Measuring the survival of human immunodeficiency virus–infected adult patients enrolled in antiretroviral therapy (ART) programs is complicated by short observation periods and loss to follow-up. We synthesized data from treatment cohorts in sub-Saharan Africa to estimate survival over 5 years after initiation of ART.
The prevalence of ever smoking and current smoking, smoking initiation, and exposure to second-hand smoking decreased over time. Overall, willingness to stop smoking, supporting smoking bans, and receiving information about the dangers of smoking increased over time.
Healthy life expectancy, or HALE, is a measure of average population health summarizing both mortality and non‐fatal outcomes. HALE is used for comparisons of health across countries or for measuring change over time. These comparisons can shed light on key questions about how morbidity worsens or improves as mortality declines.
Measurement of the global burden of disease using disability‐adjusted life years (DALYs) requires disability weights that measure health losses for all non‐fatal consequences of disease and injury. There has been vigorous debate over the definition and measurement of these weights. The primary objective was a comprehensive re‐estimation of disability weights through a large‐scale, population‐based, empirical investigation in which judgments about health loss associated with many causes were elicited from the general public in diverse communities. This is a marked improvement over previous efforts, which relied solely upon judgments from a small group of health professionals.
In this paper, results on years lost due to premature mortality (YLLs) and years lived with disability (YLDs) are combined to examine the overall burden of disease across 291 diseases and injuries by country for the period 1990 to 2010.
The goal of this research was to estimate deaths and years of lives lost (YLLs) by age, sex, and region for 235 causes at two points in time – 1990 and 2010. This information can be used to better inform global efforts to assess whether society is or is not making progress in reducing the burden of premature – and especially avoidable – mortality.
The goal of this study is to calculate what proportion of deaths or disability‐adjusted life years (DALYs) can be attributed to specific risk factors, holding other independent factors unchanged. Quantification of the disease burden caused by different risks informs prevention by identifying which risks make the greatest contribution to poor health. No complete revision of global burden of disease caused by risk factors has been done since a comparative risk assessment in 2000, and no previous analysis has assessed changes in burden attributable to risk factors over time.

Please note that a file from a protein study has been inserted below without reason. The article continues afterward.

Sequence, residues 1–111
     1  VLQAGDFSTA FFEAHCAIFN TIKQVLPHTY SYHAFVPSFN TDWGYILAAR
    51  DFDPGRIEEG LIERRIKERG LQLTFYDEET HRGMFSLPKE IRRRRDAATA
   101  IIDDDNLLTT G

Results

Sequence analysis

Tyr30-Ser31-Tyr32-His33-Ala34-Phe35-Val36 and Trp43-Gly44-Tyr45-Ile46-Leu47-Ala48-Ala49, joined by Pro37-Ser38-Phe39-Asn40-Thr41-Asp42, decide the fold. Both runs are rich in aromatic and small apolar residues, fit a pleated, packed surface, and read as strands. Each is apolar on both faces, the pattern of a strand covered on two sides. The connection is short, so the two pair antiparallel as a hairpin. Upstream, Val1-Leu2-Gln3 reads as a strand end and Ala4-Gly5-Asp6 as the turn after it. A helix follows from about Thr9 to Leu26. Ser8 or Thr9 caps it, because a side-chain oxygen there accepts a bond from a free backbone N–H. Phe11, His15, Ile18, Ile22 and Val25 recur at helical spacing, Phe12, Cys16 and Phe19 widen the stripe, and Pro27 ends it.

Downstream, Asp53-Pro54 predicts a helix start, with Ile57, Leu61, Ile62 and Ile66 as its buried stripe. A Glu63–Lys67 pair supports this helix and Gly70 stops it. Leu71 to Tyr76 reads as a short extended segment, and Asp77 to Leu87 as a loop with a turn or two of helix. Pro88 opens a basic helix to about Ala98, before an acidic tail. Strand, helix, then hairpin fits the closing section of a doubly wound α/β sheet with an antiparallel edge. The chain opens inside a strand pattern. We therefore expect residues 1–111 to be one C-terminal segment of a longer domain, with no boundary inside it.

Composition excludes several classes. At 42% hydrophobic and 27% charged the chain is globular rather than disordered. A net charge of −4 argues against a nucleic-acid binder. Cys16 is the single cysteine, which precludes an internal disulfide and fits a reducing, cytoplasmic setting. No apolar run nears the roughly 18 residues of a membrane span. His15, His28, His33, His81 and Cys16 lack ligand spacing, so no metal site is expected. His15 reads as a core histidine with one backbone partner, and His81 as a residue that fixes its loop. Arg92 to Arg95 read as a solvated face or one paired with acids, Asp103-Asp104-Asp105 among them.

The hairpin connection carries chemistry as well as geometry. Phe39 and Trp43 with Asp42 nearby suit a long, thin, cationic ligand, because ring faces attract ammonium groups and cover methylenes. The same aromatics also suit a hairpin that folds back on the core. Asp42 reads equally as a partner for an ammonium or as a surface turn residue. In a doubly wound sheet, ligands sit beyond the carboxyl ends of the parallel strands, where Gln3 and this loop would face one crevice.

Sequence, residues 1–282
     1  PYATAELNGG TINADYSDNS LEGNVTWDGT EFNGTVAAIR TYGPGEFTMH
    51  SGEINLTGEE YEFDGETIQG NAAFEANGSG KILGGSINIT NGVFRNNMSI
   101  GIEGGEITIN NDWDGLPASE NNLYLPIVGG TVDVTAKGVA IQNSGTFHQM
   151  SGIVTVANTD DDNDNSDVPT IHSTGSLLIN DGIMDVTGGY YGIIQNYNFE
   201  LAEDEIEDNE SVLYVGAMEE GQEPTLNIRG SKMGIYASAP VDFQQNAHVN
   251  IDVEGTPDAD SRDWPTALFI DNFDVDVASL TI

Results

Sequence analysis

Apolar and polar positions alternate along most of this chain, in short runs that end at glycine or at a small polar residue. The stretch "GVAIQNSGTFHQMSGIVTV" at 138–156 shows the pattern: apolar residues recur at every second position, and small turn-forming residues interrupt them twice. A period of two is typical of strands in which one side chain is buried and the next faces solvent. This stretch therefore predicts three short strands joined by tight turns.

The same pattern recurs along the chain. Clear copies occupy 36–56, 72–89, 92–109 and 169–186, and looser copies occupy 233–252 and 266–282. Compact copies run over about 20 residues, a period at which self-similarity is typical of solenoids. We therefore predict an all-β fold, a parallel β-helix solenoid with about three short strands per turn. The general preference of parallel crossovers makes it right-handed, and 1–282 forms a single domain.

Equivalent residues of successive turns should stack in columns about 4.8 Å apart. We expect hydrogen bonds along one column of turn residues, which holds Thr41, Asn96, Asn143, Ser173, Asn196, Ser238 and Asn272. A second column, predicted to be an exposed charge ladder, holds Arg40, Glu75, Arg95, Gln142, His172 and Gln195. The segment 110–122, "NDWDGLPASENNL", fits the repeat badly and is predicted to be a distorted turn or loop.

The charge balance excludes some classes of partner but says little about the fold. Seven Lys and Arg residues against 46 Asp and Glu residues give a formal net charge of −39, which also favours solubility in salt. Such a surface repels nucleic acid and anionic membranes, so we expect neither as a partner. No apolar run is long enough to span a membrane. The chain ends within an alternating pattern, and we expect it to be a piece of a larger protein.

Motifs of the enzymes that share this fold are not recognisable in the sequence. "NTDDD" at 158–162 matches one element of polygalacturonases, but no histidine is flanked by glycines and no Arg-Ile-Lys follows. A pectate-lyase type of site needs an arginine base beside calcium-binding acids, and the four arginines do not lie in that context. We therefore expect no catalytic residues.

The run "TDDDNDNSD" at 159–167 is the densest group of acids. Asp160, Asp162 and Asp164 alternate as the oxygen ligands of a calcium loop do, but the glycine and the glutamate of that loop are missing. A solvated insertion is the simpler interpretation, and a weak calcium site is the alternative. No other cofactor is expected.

Individuals, households, and health systems devote enormous resources to curing, preventing, and eliminating non‐fatal, disabling health conditions. Therefore, it is essential that some form of measuring and tracking non‐fatal burdens be available for policy and planning purposes.
The number of deaths in each age and sex group for countries, regions, and the world is a critical starting point for assessing the Global Burden of Disease (GBD). A careful estimation of deaths and mortality rates by age and sex is essential to assess progress, improve health, and extend the lives of people around the world. Information about mortality rates and causes of death at different ages, especially premature mortality, is also an important impetus for public policy action.
Between 1990 and 2010, the U.S ranking in neonatal mortality slipped from 29th to 45th among countries globally. Our objective is to measure the extent to which trends and subnational variation in early neonatal mortality reflect differences in the prevalence of risk factors (gestational age and birth weight) compared to differences in clinical care.
This engenders the hypothesis that population density positively affects coverage rates of health services. This hypothesis has been tested indirectly for some services at a local level, but not at a national level.
In this working paper, we review past work on health inequalities and propose concrete ways in which countries can implement systems to measure, monitor and ultimately reduce inequalities in health.
This paper estimates the causal effect of distance to health facility on institutional delivery in rural India, taking into account the endogenous placement of the health facility. We find that women living closer to health facilities are more likely to give birth at health facility.